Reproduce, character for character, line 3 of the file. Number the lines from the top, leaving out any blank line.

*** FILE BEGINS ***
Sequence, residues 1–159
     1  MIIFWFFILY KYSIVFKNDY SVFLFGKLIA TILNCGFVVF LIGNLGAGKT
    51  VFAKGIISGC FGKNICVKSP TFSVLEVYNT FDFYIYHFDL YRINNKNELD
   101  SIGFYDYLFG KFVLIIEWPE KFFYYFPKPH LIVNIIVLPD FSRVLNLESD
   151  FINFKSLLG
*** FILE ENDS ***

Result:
    51  VFAKGIISGC FGKNICVKSP TFSVLEVYNT FDFYIYHFDL YRINNKNELD